He went on to describe that lead singer Justin wrote the song purely from the heart and it wasn’t going to be a single off the album. “It spoke to people,” he said. “That song got us to a point where we thought we should be and things started to happen for us.”
Up next was Blue October’s fifth studio release, Approaching Normal.
The record was released in March and had the pleasure of working with Grammy-winning
producer Steve Lillywhite, who has worked with the likes of U2, Siouxsie & the Banshees, The Rolling Stones, Talking Heads, Phish and Dave Matthews Band.
“One of our managers knew this guy from back in the day and bumped into him and asked him to check us out,” said Noveskey. “It’s not like this guy has to do anything he doesn’t want to do. He only gets involved with a project he cares about and it turned out he really liked us. Every member of the band saw their jaws drop to the floor. We all grew enjoying his work and it was a no-brainer for us.”
The album debuted No. 13 on Billboard’s Hot 100 chart with the singles “Dirt Room” and “Say It” as the first two singles.
“My favorite two tracks are ‘Picking Up Pieces’ and ‘Should Be Loved,’” said Noveskey. “There’s no particular reason but I’m a really happy guy, like the cheery one in the band always cracking jokes. I can’t relate to the songs on a personal level but I get the songs and they affect me. ‘Picking Up Pieces’ is very emotional and I get it. I really love the feel of both songs.”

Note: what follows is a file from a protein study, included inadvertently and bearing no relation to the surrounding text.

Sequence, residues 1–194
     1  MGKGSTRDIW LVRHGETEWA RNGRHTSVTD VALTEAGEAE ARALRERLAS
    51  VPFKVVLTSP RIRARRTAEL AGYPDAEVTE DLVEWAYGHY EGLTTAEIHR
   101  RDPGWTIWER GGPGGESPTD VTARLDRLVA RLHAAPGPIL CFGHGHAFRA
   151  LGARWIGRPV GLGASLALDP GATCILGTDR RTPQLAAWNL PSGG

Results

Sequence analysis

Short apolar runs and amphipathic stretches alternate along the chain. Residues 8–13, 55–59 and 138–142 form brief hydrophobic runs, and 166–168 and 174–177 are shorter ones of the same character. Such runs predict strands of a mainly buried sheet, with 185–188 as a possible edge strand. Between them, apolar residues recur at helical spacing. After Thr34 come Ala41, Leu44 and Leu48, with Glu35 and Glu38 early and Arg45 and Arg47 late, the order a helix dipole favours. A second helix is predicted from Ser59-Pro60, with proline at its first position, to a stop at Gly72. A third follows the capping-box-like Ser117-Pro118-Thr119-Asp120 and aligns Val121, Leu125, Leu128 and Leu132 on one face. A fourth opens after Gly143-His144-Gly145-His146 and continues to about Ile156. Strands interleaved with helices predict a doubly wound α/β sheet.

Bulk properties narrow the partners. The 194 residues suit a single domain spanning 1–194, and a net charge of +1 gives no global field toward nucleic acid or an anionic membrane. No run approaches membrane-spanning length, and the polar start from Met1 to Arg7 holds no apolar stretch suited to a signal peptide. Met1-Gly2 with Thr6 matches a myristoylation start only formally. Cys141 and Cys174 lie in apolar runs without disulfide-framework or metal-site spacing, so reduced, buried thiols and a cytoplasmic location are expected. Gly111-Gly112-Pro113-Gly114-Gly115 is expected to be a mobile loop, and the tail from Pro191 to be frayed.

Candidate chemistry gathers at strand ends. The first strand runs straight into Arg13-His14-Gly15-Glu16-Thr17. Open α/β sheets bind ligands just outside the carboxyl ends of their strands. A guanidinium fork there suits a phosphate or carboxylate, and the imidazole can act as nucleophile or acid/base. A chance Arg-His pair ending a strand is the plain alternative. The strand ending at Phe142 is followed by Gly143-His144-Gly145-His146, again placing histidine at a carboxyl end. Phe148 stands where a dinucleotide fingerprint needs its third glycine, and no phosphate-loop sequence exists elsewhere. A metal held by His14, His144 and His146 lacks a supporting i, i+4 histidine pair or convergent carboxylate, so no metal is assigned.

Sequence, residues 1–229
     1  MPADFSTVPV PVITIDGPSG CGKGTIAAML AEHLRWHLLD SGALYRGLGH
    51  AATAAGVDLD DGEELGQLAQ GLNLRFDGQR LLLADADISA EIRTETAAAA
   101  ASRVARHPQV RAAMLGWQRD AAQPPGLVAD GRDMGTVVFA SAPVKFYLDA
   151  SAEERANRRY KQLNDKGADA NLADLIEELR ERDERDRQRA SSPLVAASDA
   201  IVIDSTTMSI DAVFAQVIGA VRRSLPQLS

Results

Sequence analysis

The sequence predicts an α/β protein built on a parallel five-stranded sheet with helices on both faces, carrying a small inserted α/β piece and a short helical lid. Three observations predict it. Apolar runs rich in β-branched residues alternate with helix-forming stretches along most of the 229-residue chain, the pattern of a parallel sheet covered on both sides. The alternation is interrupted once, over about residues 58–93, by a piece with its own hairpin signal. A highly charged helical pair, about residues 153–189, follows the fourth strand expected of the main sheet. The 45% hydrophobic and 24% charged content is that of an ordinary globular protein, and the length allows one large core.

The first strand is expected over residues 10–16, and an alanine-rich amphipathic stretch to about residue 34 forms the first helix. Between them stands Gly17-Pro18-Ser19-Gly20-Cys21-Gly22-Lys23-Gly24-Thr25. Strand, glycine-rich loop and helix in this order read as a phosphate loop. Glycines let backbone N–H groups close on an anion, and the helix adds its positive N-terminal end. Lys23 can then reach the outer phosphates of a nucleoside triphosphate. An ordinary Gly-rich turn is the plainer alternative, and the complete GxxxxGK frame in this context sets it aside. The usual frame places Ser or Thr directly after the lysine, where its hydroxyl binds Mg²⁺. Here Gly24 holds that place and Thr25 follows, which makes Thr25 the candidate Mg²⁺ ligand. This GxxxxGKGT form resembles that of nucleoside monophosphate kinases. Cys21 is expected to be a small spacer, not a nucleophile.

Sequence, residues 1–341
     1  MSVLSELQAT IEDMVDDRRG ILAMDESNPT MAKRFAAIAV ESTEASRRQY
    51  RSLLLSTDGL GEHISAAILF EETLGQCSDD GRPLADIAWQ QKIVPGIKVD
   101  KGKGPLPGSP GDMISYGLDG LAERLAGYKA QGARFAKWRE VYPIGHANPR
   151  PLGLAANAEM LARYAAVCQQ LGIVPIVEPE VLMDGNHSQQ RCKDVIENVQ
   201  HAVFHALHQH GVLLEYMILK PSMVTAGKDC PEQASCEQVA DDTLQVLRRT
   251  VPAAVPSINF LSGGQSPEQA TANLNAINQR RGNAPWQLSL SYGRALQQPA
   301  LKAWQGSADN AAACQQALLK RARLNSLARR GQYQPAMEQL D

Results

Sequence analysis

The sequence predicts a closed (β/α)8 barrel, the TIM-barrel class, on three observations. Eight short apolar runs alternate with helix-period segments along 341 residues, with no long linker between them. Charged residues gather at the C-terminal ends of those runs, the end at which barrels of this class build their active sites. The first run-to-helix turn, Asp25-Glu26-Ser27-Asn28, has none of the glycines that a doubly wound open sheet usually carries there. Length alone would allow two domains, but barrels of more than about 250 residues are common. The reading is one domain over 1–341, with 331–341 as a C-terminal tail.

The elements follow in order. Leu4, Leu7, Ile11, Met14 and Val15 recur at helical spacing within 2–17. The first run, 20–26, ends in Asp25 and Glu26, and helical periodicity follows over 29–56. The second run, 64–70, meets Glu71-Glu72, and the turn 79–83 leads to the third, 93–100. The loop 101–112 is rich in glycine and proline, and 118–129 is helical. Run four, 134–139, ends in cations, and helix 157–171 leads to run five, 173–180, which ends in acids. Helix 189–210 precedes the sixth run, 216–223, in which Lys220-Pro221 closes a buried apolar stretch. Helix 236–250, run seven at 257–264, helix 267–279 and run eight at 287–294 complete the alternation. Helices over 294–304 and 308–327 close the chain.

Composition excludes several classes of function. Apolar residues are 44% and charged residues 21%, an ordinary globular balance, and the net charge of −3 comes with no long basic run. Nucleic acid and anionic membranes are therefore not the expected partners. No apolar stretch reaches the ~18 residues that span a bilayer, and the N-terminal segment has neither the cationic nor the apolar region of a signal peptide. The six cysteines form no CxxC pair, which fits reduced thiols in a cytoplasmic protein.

Blue October seems to become more successful as time passes and the verbiage about the older the berry the sweeter the juice comes to mind. “We’ve been putting out music for 15 years and there is something real about it,” he said. “Most importantly, we are honest. With record labels, you get these people who try to come up with ideas. It’s a big marketing scheme and that’s not what I grew up on. I started out doing music that was right and what felt healthy to me.”
Marketing schemes aren’t the only thing that frustrates Noveskey. He said with the easy availability of computer program and machines and along with reality music shows, it becomes quiet annoying.
“Manufactured process stuff gets under my skin,” he said. “As entertaining as ‘American Idol’ is, it bothers me. It makes me a little musical purist but I grew up on bands writing their songs and touring and playing their music. It wasn’t about putting an artist with a certain demographic. The world of Myspace and Twitter has dampened it. I loved wondering what my favorite band was up to, whether they in the studio writing or just taking a break.
Now, you know their every move.”
Despite his sourness for Myspace, Blue October has accumulated over 41 million plays on the Web site and has more than 300,000 friends. A group that once couldn’t find a gig outside of Houston, the band will travel overseas this fall to play Berlin, Glasgow, Vienna and London.
While it’s safe to say Blue October has yet to match the decades-long winning streak of a certain little old band from Houston, you have to include them in the conservation with Billy and the boys.
And that’s pretty darn good.
Official Blue October Website
Official Blue October Myspace
Click here to purchase Blue October music